Most bands perform in dark cave-like venues filled with cigarette smoke and graffitied bathrooms. BalconyTV, a global music web series that is produced in six continents, films musical performances on actual balconies and rooftops, with picturesque views of a particular city behind the band.
The site’s videos have been viewed more than 30 million times. From Tel Aviv to Austin, BalconyTV is filmed in 43 cities that follow the same outline: a musician or band performs one song in a single take on a balcony.
The concept of BalconyTV was born in 2006 on a rare sunny day in Dublin, Ireland. Co-founder Stephen O’ Regan was admiring the view from his apartment, wondering how he could use his balcony more often. O’ Regan decided he would start holding stripped down, acoustic concerts on his balcony, and he would film them.
“A television station on a balcony seemed like an over the top idea,” O’ Regan said. “But after we invited a couple of bands to perform, we started getting contacted by lots of bands that wanted to play on our balcony as well. So it became a music website all by itself.”
The website has increased in popularity every year since then, as well as attracting people who want to get involved and start their own channels in their hometowns.
“The site has evolved quite organically,” O’ Regan said. “The more videos we make and the more cities we launch, the more people that want to launch channels in new cities. It demonstrates what a powerful tool the web can be.”
Producers Joe Lynch and Barbara Rappaport run Austin’s BalconyTV channel. The BalconyTV Austin channel showcases local musicians as well as popular touring artists, with an emphasis on promoting Austin artists to wider audiences on an international scale.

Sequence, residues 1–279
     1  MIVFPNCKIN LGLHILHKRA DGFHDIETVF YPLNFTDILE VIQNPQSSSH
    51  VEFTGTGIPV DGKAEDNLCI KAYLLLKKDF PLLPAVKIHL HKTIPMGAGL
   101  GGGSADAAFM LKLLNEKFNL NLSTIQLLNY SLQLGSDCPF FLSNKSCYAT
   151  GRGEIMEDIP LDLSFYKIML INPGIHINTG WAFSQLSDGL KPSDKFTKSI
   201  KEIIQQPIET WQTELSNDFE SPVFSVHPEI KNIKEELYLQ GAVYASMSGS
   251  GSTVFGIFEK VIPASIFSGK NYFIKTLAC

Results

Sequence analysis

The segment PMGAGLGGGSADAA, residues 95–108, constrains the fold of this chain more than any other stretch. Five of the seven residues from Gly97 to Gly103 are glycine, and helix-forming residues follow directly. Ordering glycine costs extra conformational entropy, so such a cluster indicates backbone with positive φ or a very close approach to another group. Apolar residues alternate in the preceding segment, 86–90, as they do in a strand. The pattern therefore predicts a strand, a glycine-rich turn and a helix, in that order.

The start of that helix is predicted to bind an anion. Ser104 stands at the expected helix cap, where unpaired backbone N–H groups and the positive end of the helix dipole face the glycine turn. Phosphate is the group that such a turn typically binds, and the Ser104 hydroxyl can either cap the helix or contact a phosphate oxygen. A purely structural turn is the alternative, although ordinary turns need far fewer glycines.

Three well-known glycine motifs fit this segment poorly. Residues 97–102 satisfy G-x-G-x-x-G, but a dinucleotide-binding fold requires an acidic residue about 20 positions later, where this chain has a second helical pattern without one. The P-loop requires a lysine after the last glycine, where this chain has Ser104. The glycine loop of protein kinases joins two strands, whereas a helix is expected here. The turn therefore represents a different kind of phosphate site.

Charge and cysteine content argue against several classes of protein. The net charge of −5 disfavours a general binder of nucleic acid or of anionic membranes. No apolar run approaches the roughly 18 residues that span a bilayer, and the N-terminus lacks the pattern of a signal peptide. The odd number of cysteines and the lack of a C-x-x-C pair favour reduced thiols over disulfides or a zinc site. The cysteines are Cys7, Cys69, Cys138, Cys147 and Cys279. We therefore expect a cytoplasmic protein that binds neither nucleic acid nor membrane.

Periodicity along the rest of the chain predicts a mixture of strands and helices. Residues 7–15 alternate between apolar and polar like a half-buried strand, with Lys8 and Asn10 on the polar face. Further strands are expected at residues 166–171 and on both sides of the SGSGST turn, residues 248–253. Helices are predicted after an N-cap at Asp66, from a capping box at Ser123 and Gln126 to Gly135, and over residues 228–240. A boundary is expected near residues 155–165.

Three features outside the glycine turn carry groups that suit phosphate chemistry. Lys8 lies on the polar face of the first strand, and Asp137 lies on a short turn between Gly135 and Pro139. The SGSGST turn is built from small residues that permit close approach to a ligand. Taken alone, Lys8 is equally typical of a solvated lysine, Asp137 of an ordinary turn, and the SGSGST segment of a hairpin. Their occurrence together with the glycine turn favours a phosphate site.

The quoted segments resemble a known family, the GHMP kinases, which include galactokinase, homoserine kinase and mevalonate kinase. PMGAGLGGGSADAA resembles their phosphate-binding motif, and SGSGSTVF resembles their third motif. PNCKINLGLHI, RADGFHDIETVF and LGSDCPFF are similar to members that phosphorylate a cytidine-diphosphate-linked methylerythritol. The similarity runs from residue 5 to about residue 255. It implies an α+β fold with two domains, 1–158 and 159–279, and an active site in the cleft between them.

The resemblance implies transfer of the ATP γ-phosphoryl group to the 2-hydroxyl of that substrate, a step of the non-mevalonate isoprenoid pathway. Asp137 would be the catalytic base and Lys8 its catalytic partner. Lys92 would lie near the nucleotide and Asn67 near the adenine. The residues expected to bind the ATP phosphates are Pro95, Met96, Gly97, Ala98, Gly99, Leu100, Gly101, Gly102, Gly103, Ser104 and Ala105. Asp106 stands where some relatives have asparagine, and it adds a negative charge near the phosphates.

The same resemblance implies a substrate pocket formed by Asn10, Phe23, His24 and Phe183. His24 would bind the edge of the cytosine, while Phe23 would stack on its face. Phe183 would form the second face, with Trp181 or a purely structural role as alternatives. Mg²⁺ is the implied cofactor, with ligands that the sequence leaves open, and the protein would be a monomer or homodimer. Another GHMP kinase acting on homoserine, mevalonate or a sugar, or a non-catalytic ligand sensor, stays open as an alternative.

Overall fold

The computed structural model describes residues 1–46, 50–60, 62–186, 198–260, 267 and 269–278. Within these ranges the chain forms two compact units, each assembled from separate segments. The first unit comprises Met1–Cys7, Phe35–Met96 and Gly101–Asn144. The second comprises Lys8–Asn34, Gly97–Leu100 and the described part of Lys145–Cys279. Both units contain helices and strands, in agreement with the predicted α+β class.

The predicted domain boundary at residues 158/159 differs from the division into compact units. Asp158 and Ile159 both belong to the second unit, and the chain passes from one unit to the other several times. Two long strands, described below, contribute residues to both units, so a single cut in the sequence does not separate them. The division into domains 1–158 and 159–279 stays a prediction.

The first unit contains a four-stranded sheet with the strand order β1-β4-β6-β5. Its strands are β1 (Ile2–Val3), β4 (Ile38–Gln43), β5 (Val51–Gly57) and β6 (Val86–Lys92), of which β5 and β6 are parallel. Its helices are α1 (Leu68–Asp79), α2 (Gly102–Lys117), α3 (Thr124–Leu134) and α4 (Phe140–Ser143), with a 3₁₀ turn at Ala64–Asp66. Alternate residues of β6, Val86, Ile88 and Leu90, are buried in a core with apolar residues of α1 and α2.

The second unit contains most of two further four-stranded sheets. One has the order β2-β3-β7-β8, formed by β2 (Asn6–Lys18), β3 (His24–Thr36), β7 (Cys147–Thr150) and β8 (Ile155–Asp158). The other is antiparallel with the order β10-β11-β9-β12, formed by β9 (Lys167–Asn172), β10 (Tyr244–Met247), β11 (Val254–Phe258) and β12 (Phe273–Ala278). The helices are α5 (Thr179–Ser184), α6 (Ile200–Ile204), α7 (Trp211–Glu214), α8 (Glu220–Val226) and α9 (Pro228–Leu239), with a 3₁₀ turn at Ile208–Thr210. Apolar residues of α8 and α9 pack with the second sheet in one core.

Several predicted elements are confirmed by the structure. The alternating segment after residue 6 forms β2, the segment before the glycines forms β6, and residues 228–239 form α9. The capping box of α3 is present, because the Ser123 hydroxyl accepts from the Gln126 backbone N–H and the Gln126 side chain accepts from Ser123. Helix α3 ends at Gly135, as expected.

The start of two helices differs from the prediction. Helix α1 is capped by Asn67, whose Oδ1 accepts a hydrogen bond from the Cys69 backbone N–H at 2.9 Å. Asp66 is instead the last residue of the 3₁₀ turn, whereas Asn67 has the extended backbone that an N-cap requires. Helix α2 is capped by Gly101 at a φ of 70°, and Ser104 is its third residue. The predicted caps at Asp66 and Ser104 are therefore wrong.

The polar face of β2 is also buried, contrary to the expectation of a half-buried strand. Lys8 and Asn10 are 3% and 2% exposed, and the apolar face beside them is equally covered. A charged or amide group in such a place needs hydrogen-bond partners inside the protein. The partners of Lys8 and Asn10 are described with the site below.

“As Austin claims to be the live music capital of the world, BalconyTV Austin showcases the bands and talent of the city,” Lynch said. “It gives prospective visitors a chance to preview the music that they can see live.”
Rappaport said that one of the greatest benefits for musicians from a performance on BalconyTV is the free, global exposure a band can receive after its video is posted online.
“Almost every band is seeking that big break,” Rappaport said. “The only way to really get that break is exposure or to be discovered. This is a free, international music platform, so the question should be, why wouldn’t a band want to perform on BalconyTV?”
Artists have benefitted from the site by gaining more social media followers, seeing increased record sales and obtaining opening slots on tours.
“We have had bands get invited to support major artists on tours and be offered gigs thanks to the exposure they receive on the website,” Lynch said. “The direct benefit is that they all get what may be their first live video recordings to share on social media to engage more fans.”
One band that has gained a broader fan base after being featured on BalconyTV is San Marcos-based folk-rock group Those Nights.
“We’ve found new Facebook and YouTube fans from other countries since the performance was posted, and it’s only increased further since they named our video an Editor’s Pick,” singer Evan Styles said.
Styles feels fortunate that the Austin channel is willing to provide free film recording services for musicians. Otherwise it would be extremely expensive for emerging independent artists to afford the costs of making music videos.
“All it takes is one good spark to ignite a musician’s career,” Styles said. “BalconyTV is creating several of these sparks.”